Tampa Bay Times from St. Petersburg, Florida on January 23, 1989 · 1
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Tampa Bay Times from St. Petersburg, Florida · 1

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St. Petersburg, Florida
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Monday, January 23, 1989
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1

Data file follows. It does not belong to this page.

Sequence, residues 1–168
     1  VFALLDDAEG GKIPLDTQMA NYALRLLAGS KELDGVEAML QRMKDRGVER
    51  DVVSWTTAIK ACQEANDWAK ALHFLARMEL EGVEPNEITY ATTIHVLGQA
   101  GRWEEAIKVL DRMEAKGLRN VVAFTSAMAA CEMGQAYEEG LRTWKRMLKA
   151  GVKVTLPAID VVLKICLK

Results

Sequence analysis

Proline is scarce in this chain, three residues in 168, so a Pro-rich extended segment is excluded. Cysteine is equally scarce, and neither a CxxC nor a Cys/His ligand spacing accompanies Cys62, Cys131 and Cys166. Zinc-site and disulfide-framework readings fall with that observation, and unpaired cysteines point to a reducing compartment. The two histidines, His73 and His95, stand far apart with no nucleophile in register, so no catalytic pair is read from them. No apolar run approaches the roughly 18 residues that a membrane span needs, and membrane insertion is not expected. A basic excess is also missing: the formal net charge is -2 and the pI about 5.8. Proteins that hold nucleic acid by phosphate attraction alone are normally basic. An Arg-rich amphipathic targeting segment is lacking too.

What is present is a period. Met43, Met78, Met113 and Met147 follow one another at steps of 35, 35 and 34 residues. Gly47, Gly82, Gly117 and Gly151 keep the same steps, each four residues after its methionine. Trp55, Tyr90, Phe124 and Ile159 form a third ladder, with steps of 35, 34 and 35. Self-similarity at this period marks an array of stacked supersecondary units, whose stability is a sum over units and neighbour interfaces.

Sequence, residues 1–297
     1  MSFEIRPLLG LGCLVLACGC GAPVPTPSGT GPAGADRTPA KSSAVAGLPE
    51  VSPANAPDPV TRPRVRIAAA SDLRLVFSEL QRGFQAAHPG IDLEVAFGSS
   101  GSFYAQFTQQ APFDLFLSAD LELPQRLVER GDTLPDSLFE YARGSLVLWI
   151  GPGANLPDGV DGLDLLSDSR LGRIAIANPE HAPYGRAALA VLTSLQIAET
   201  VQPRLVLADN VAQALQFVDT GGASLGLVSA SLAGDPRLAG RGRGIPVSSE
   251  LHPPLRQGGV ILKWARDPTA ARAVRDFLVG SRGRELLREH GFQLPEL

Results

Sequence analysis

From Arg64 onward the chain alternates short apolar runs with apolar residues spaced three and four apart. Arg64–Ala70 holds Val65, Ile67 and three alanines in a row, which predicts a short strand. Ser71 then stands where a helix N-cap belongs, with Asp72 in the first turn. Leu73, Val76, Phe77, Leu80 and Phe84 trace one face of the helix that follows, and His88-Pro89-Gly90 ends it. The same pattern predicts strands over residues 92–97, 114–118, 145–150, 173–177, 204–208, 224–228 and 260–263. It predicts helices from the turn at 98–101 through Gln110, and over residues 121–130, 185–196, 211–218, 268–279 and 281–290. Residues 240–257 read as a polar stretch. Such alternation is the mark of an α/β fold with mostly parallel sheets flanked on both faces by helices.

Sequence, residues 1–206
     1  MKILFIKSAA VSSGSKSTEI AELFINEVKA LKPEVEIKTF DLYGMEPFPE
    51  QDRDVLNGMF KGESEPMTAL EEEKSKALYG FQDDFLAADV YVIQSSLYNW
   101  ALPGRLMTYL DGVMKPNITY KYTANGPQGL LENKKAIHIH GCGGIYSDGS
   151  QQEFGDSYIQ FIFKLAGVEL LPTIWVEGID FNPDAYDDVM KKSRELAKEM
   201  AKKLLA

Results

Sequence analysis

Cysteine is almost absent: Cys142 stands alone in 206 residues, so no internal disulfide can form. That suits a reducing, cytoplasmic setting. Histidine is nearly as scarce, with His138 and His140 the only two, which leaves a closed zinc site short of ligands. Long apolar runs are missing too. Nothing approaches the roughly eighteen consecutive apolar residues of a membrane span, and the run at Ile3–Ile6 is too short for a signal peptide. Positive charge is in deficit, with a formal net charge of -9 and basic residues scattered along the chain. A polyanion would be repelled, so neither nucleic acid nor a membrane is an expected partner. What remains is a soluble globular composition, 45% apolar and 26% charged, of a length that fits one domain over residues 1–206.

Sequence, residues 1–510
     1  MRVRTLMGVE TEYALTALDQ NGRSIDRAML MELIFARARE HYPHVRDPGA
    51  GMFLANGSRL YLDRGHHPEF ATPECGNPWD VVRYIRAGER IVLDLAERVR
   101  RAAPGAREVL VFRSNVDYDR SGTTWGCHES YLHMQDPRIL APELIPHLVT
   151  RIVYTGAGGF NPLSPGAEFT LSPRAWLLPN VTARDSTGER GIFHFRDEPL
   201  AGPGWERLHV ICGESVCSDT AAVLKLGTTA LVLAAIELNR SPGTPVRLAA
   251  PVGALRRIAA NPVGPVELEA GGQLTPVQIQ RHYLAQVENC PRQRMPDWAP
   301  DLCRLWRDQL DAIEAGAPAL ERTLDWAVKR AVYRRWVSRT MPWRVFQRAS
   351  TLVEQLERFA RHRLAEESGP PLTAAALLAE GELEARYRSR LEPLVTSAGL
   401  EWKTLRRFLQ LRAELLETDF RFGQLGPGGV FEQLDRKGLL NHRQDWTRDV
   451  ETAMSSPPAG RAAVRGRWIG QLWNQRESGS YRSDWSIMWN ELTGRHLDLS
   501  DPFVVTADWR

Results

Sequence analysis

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MONDAY Al Sharpton urges action at calm rally in Miami Story, 1-B , . ft ftl ... ,i. .- -, n . Weather Sunny; high, low 70s. No rain forecast. Details, 2-A mmum J9 Florida s Best Newspaper UNITING TAMPA BAY d Vol. 105 -No. 183 St. Petersburg, Florida Monday, January 23, 1989 78 pages 25 cents iliitlni-.iff.iili lWftHsl iinfriiimitii' 42k Super game: 49ers triumph By JACK SHEPPARD Times Staff Writer MIAMI For once, the Super Bowl lived up to its name instead of its reputation. Piecing together a dramatic 92-yard touchdown drive in the final minute, the San Francisco 49ers claimed the title as NFL team of the decade Sunday, winning their third Super Bowl of the 1980s with a dramatic 20-16 come-from-behind victory over the Cincinnati Bengals. San Francisco wide receiver Jerry Rice was named the game's Most Valuable Player, catching 1 1 passes for a Super Bowl record 215 yards. He had 41 yards worth of receptions in the 49ers' winning drive. But it was quarterback Joe Montana who was the Super Bowl hero, completing eight of nine passes during the winning drive for 97 yards including the game-clinching 10-yard touchdown toss to receiver John Taylor with 34 seconds to play. For the game, Montana completed 23 of 36 passes for a Super Bowl record 357 yards and two touchdowns. The game ended a streak of six consecutive Super Bowls won by an average score of 37-13, dating back to San Francisco's 26-21 win over the Bengals after the 1981 season. It also marked the fifth consecutive year the NFC representative has won the annual Ultimate Game. Full Super Bowl coverage, Section C TP 7 nil 1 cv. - -T-o r 11 2 ' nJ II"! V !, - 1 1 w; n: ' ; - ?- V? 1 , N A f 4 ' . I f ; - ' V' 1 J1 - JLk iT V V J - , f f iL. v ,.a - r - . .: . , f r ! - ' ' ',' . s- :.' -- - . - J' Times photo JOE WALLES San Francisco 49er John Taylor (82) celebrates after scoring the winning Super Bowl touchdown. Last-minute strategy aims for Byody stay By DAVID FINKEL Times Staff Writer Even as Ted Bundy spent much of the weekend confessing to unsolved murders, lawyers trying to keep him from the electric chair grew more hopeful that they can win a last-minute stay of execution from the U.S. Supreme Court. The reason for their optimism: a new, yet-to-be-aired issue for appeal that centers on whether a judge said the right things to a jury almost a decade ago when Bundy was on trial for killing 12-year-old Kimberly Leach in Lake City. Bundy, who is scheduled to be executed Tuesday for the murder of Miss Leach, reportedly confessed over the weekend to killing at least nine young women. Those confessions stopped for a time Sunday, however, as the appeal that will be submitted this morning to the U.S. Supreme Court took shape. Additionally, Bundy called off an interview with reporters scheduled for today at noon. The issue that has surfaced somewhat technical in nature has to do with whether the judge overseeing the Leach trial conveyed to jurors how important their opinion would be to him when he decided Bundy's sentence. Though a jury only advises a judge in capital cases on what it thinks is a proper sentence, the U.S. Supreme Court has ruled that death sentences can be thrown out on appeal if jurors have been led to believe their role isn't significant. In the Leach trial, says at least one of the lawyers trying to keep Please see BUNDY 8-A Parents haunted by questions By LUCY MORGAN Times Staff Writer Ted Bundy would have been almost 15 years old on that August night in 1961 when a green-eyed 8-year-old disappeared from her house in Ta-coma, Wash. Did Bundy have anything to do with her disappearance? That's a question that has plagued law enforcement officials for years. They hope to find the answer before Bundy's scheduled execution Tuesday in Florida's electric chair. Ann Marie Burr disappeared from her home wearing only a blue flowered nightgown. Her parents, Donald and Beverly Burr, believe their pretty young daughter may have been Ted Bundy's first victim. Police in Tacoma found a garden bench tilted on end outside a window, a few shreds of red fiber, a footprint that might have belonged to a teen-age boy and nothing else. Ann Marie's body was nev- Please see PARENTS 6-A Citizen Reagan settles into Very ordinary house' By ROBERT REINHOLD New York Times LOS ANGELES It was an ordinary Sunday in the Bel Air section of Los Angeles, warm and slow and pleasant. Jeff Hyland, a real estate broker, sat by his pool reading the paper. Sandy and Teryn Wayne watched the Super Bowl with friends. Zsa Zsa Gabor was back home with her dogs on Bel Air Road. And just down the hill a bit, over at 668 Saint Cloud Road, the newest neighbors, Mr. and Mrs. Ronald Reagan, were unpacking boxes in their new home. The 7,192-square-foot, ranch-style house on a 1.5-acre lot is surrounded by a tall chain-link fence shrouded with tan canvas and is watched by security cameras, a sentry in a guard house at the end of the driveway and Secret Service men in a car. It was the first weekend at liberty for the former president, retiring to the Southern California surroundings where he spent most of his life as an actor. "They are settling in, unpacking boxes," said Reagan spokesman, Mark D. Weinberg, a former assistant White House press secretary. The Reagans also went to Bel Air Presby- Please see REAGAN 9-A Timn PSEE5T New TV listings Starting today, the cable channels Lifetime and TNT (Turner Network Television) are listed on the cable grids of the Times' daily television page in the Floridian section (Page 7-D). Corporate culture Tampa Bay executives try to instill company values in employees. In Monday Business magazine INDEX Classified 13-C Comics 8-D Editorials 12-A Landers 3-D Lottery 2-B Obituaries 7-B Sporte lil-C Theater 4-D AP Solidarity agrees to talks with government By JACKSON DIEHL Washington Post A jublilant Lech Walesa speaks Sunday at a rally in Gdansk. WARSAW The Solidarity movement Sunday accepted the offer of Communist authorities for broad negotiations aimed at setting the terms for legalization of the independent union as well as establishing a consensus on economic and political reforms. Following a two-day meeting in Gdansk of Solidarity's national executive commission, the union released a statement saying the Polish Communist Party had taken "a basic step towards social dialogue" last week by agreeing to accept the restoration of Solidarity seven years after its suppression "Anything could still happen. But you can see a chance; you can see hope. " Lech Walesa under martial law. "Negotiations should start as soon as possible," the statement said. Solidarity leader Lech Walesa, jubilant in addressing supporters at St. Brygida's Church in Gdansk, said he believed there was a better chance of cooperation between the popular opposition movement and gov ernment under Gen. Wojciech Jaruzelski now than in 1981, when the country was rocked by strikes and conflict. "Our answer is an outstretched hand because the other side put their hand out too," Walesa told his cheering followers. He later added: "I wouldn't want too much euphoria. Anything could still happen. But you can see a chance; you can see hope." Solidarity's decision appeared to open the way for the initiation of elaborate "round table" negotiations first proposed by Jaruzelski last September, after Poland was hit by the second wave of industrial unrest in four Please see SOLIDARITY 4-A Yoked to tradition, India inches toward modernity 'Here, the new comes, but the old stays on' Second in a series By REENA SHAH Times Correspondent NEW DELHI he gardeners were busy barbering a lawn in Delhi's historic Red Fort. One held the lawn mower, the other maneuvered its "motor," a patiently plodding cow. The gardener gently twisted the animal's tail to steer it. "Yes, my beautiful king. Walk straight on. . . . Very good Keep going, you bastard!" At the end of the exercise, the bullock got to eat the grass it cut. The gardeners squatted under the shade of a tree. There was not enough land in their village, so they were putting their cattle to use in greening the Indian capital. "This is the most efficient motor the government can use," the bullock's owner said. "No petrol. No spare parts. And no waste." In the evening, the cattle would be led back to the jhuggis Vf V W . i ! , , , J' k ..... !ttn VA ft . I sr "f i u -T f f i .y . it' ! A bullock instead of a mechanical motor is used to operate a lawn mower at Delhi's Red Fort. Times photo REENA SHAH or slums housing rural laborers who have migrated to the city in search of opportunities. The cow dung would be dried and used as fuel to cook meals; milk might be sold for extra money. While some of the city telegraph poles, machinery, televisions has penetrated the village, rural India has poured itself into the city and found its niche. The things of the past stay on. The new order goes at its own pace, harnessing the old. Conquered and settled through its history by a host of invaders including Aryans, Greeks, Mongols, Turks and the British, India is like a large boa constrictor that comfortably swallowed whole the cultures it encountered and assimilated them. "If you want an idea of what India really is and where it is headed for," remarked Avadh Kishore Narain, a historian, "stand in a street corner and watch the traffic. "There are cows, buses, horse-carriages, rickshaws, Suzukis, scooters, handcarts. They all belong in our streets. We've added tractors and atomic power to the country, but the cow and cow dung are still here as they were two thousand years ago. "Freeway traffic is possible in a place where they have what they call change a break from the past," said Narain, who has lived and taught in the United States. "Here, the new comes, but the old stays on." Technology and science have nudged India into the 20th century. Like the cow dragging the lawn mower, the country am bles onward, carrying the cultural baggage, attitudes and habits of its 5,000-year-old civilization along with the modern gadgets science has to offer. The contrasts never cease to astound, the paradoxes deepen. As part of its ambitions as a modern and emerging nation, India has launched its own satellites and exploded its own nuclear device. Yet it is unable to predict or control the catastrophic floods and droughts that ravage it almost every year. Though possessing state-Please see INDIA 14-A